The plain wording of CSR 2.9(h) contemplates the Commission review contracts prior to their effective dates. However, as the Commission noted in its decision, there is nothing in the wording of this provision that would preclude the Commission from ratifying such a contract after its effective date upon a finding that the applicable standard of review has been met.
The applicable standard of review for such a contract as contemplated by CSR 2.9(h) is whether the contract is being let for reasons of efficiency and economy and not as a pretext for the discriminatory dismissal of classified employees. In the present case, there was no evidence that anything other than a lack of funding was the reason for the layoff. Templet testified that she did not believe the employees were laid off for their political beliefs. The appellants presented no evidence to refute Templet's assertion.
When a law is clear and unambiguous and its application does not lead to absurd consequences, the law shall be applied as written. La. Civ.Code art. 9. The following rules for statutory construction have developed in the jurisprudence: (1) it is presumed that every provision of a law was intended to serve some useful purpose; (2) it is not presumed that the lawmaker intended for any part of the law to be meaningless; (3) the lawmaker is presumed to have enacted the law with full knowledge of all other laws pertaining to the same subject matter; (4) it is the duty of the courts to interpret a provision of law in a manner which harmonizes and reconciles it with other provisions pertaining to the same subject matter; and (5) when a law is susceptible to two or more interpretations, that which affords a reasonable and practical effect to the entire act is preferred to one that renders part of the act nugatory. Ascension School Employees Credit Union v. Provost, Salter, Harper & Alford, L.L.C., 2004-1227 (La. App. 1 Cir. 6/10/05), 916 So.2d 252, 258.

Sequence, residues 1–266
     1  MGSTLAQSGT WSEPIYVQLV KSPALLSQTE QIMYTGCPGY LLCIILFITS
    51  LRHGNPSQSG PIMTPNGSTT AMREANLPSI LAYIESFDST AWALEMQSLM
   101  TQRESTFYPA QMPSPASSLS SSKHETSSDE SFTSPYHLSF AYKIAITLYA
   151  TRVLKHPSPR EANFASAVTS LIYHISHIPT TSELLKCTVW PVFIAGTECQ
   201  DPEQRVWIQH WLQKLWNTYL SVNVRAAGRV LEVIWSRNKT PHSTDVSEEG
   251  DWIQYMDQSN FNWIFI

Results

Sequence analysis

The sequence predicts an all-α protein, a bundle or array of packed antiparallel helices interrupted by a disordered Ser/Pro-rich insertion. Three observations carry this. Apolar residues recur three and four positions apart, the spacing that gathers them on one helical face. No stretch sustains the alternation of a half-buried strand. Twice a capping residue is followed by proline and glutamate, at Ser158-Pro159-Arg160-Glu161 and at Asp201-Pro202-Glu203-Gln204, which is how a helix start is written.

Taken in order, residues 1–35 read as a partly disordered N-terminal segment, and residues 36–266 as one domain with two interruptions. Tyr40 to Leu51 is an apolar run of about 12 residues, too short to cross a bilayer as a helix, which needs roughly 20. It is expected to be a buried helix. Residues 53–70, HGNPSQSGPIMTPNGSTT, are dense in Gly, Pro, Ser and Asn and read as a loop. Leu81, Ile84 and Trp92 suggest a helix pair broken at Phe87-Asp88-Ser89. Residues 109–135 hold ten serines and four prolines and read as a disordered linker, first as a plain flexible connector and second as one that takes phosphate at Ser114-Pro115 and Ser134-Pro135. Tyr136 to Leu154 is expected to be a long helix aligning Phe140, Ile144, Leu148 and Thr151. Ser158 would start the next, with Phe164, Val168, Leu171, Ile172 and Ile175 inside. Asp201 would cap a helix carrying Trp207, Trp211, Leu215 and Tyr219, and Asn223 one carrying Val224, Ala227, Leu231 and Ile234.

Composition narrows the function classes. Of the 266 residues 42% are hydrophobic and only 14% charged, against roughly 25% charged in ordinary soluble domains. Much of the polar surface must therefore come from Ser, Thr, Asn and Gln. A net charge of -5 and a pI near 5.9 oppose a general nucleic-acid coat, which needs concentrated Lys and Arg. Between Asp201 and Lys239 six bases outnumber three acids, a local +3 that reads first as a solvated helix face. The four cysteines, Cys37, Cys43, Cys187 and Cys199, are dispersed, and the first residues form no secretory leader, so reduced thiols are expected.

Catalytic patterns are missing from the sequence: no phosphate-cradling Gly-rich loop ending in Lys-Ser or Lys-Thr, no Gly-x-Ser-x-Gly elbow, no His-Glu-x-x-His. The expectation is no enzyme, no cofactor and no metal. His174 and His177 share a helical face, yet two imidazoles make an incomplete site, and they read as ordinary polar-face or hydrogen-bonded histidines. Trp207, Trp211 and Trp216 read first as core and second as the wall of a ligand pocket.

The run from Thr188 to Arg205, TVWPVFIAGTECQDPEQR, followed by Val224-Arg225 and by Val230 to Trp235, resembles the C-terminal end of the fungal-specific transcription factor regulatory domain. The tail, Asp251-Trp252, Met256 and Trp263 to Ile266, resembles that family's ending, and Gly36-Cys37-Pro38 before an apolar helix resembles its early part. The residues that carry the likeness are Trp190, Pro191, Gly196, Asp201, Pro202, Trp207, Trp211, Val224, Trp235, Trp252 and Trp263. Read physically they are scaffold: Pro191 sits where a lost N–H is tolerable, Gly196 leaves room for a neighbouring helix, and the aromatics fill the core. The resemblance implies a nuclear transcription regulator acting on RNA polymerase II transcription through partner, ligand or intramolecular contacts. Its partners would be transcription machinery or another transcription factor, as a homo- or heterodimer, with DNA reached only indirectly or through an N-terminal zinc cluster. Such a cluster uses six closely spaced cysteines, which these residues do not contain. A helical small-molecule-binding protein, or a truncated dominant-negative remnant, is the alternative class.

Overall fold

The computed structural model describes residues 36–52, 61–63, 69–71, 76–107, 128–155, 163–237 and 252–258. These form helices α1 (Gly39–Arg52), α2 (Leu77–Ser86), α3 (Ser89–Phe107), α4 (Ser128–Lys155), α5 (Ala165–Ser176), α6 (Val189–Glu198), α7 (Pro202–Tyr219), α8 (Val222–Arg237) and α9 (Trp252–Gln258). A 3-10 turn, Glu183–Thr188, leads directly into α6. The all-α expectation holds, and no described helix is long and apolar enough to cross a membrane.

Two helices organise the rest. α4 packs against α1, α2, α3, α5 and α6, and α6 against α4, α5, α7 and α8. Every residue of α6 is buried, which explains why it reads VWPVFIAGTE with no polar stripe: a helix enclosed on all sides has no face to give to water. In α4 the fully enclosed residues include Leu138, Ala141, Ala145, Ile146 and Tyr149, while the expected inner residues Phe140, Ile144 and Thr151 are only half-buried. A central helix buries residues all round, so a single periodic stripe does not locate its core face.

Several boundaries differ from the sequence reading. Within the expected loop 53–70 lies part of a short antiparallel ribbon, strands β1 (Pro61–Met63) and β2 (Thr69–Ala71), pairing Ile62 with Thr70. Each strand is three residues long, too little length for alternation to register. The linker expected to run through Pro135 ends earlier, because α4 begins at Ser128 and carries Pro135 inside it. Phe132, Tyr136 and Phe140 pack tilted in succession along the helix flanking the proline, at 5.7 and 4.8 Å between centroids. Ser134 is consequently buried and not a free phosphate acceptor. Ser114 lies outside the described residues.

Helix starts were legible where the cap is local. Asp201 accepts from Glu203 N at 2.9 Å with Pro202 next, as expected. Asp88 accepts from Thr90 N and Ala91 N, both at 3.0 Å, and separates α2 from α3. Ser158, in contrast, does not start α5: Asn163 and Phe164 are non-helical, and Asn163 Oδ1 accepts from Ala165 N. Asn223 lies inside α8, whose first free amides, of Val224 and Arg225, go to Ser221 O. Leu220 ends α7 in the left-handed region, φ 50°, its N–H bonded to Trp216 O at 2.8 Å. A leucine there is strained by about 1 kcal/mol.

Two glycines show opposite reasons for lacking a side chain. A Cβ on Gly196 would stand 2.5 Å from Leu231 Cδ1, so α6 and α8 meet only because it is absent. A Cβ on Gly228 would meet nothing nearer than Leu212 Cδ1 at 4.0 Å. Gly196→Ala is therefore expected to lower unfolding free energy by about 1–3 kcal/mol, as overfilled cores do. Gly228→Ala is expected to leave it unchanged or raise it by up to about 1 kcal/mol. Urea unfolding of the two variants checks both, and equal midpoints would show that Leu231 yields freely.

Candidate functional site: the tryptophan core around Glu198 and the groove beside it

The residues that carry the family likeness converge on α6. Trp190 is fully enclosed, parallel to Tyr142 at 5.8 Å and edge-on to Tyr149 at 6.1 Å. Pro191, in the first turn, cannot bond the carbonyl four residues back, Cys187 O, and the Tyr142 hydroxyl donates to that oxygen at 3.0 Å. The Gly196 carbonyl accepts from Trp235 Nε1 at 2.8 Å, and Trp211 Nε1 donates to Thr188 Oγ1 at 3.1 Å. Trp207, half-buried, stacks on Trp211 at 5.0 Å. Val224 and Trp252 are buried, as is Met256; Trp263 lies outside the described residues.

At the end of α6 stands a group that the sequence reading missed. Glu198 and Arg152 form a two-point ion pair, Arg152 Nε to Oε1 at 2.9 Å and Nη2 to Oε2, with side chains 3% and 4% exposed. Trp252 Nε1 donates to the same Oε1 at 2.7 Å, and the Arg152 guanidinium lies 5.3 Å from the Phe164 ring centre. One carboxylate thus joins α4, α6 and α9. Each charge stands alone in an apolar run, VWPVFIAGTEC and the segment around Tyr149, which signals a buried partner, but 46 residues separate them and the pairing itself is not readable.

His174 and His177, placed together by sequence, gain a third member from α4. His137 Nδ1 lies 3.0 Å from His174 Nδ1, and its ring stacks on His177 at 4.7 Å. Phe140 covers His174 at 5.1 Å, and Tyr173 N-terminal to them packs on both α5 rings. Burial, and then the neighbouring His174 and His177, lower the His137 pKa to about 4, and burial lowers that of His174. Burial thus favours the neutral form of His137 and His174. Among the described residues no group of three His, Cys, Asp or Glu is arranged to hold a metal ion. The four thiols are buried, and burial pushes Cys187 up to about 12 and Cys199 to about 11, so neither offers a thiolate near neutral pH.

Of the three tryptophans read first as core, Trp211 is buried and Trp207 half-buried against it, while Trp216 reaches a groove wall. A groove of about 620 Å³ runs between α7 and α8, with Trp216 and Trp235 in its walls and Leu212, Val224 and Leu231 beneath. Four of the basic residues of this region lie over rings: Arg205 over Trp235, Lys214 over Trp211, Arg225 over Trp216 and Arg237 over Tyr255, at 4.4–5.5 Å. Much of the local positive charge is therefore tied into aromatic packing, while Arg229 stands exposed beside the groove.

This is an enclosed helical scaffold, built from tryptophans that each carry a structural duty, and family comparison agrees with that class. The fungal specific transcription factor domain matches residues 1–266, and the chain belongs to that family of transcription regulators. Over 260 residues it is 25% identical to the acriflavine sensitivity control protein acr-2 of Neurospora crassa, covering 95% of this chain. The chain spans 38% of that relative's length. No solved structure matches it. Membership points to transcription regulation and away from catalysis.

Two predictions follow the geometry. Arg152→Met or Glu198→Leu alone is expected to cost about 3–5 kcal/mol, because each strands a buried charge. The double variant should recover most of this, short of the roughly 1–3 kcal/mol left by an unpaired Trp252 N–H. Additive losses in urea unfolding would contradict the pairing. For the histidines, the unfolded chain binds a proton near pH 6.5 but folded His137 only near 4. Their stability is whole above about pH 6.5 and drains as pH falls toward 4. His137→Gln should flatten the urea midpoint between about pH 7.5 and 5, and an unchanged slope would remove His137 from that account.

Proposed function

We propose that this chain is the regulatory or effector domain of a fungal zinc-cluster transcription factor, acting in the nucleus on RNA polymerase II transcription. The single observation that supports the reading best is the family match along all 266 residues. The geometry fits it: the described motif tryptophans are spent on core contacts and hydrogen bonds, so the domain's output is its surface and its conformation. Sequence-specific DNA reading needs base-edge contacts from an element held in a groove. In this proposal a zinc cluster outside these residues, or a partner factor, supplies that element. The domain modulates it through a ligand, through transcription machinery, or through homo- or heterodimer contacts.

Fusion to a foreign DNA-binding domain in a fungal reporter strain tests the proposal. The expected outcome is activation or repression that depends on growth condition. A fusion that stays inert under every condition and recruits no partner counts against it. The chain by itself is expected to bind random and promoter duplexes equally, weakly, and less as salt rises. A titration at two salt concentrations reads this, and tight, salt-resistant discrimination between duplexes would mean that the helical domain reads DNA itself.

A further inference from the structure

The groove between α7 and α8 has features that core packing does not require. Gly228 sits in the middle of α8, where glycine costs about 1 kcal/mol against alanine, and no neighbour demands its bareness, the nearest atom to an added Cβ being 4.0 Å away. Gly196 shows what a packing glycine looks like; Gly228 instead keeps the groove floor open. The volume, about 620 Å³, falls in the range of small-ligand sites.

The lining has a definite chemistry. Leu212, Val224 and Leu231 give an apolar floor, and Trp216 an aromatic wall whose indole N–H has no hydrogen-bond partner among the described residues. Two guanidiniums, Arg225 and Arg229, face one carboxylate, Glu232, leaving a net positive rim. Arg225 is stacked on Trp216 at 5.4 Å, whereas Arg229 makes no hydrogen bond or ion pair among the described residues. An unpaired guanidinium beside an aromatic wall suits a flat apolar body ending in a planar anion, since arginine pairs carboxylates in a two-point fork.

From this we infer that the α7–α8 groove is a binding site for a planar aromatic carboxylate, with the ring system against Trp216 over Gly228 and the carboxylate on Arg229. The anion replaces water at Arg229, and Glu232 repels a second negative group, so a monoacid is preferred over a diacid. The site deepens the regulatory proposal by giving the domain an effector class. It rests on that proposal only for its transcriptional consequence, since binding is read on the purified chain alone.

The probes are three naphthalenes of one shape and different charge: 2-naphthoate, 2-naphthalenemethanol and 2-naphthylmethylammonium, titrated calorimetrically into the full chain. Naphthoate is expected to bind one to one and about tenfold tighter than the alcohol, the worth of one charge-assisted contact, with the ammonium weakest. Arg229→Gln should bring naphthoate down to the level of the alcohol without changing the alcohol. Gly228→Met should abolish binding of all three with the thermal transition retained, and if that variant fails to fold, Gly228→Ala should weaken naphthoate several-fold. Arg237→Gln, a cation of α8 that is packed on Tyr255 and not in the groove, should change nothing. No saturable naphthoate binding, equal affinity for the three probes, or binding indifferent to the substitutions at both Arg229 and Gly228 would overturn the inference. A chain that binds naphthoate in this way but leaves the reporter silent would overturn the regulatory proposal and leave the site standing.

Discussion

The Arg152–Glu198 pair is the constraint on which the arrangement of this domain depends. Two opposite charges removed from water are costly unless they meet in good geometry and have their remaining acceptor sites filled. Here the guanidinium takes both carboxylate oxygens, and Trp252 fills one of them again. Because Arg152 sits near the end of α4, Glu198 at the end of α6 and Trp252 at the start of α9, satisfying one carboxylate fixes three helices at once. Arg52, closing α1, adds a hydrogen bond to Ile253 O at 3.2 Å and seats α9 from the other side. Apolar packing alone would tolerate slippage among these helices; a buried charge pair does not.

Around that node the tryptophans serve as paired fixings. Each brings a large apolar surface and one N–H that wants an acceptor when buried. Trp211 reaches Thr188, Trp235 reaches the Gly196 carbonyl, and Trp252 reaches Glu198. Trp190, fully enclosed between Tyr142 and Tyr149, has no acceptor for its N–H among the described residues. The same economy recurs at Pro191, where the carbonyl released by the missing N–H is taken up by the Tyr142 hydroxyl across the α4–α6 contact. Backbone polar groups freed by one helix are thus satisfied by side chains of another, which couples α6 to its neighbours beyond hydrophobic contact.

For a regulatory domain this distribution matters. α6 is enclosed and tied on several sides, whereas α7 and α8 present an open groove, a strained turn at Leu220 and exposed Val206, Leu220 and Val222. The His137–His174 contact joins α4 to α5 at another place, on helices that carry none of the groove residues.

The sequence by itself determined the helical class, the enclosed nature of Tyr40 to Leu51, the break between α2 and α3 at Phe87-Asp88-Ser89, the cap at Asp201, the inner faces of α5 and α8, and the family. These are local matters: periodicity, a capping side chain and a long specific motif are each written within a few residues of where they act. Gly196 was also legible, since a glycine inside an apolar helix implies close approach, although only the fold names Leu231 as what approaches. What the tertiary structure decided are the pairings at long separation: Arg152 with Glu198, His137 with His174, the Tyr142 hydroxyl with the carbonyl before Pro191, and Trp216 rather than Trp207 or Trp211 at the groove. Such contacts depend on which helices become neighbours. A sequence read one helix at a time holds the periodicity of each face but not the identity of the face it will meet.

There was no contrary evidence presented by appellants to challenge Templet's assertion that the layoffs were due to a lack of funding. Further, we do not find it an unreasonable interpretation of the Civil Service Rules that would allow for the Commission to ratify such a contract after its effective date as long as no discriminatory pretext for laying off classified employees was found to exist. In the present case, there simply was no evidence offered that would dispute that the reason for the layoffs was due to a lack funding.
In reviewing the Decision of the Civil Service Commission, we cannot say we find any error. Appellants failed to introduce any evidence that their layoffs were for any reason other than a lack of funding available to keep HPLMC functioning. Accordingly, the decision of the Civil Service Commission denying appellants' appeal is hereby affirmed. Costs associated with this appeal are assessed to the plaintiffs-appellants, Leslie Burns, Landry Davis, Edith Dozier, Carrie Ferguson, Jamekelea Pinkston, Linette Richard, Yarkeshala Waldon, and Kimberly Walker.
2. Linette Richard, Carrie Ferguson, Kimberly Walker, Edith Dozier, and Landry Davis were classified employees under the Louisiana State Civil Service classification, while Leslie Burns, Yarkeshala Waldon, and Jamekelea Pinkston held probationary status with Civil Service.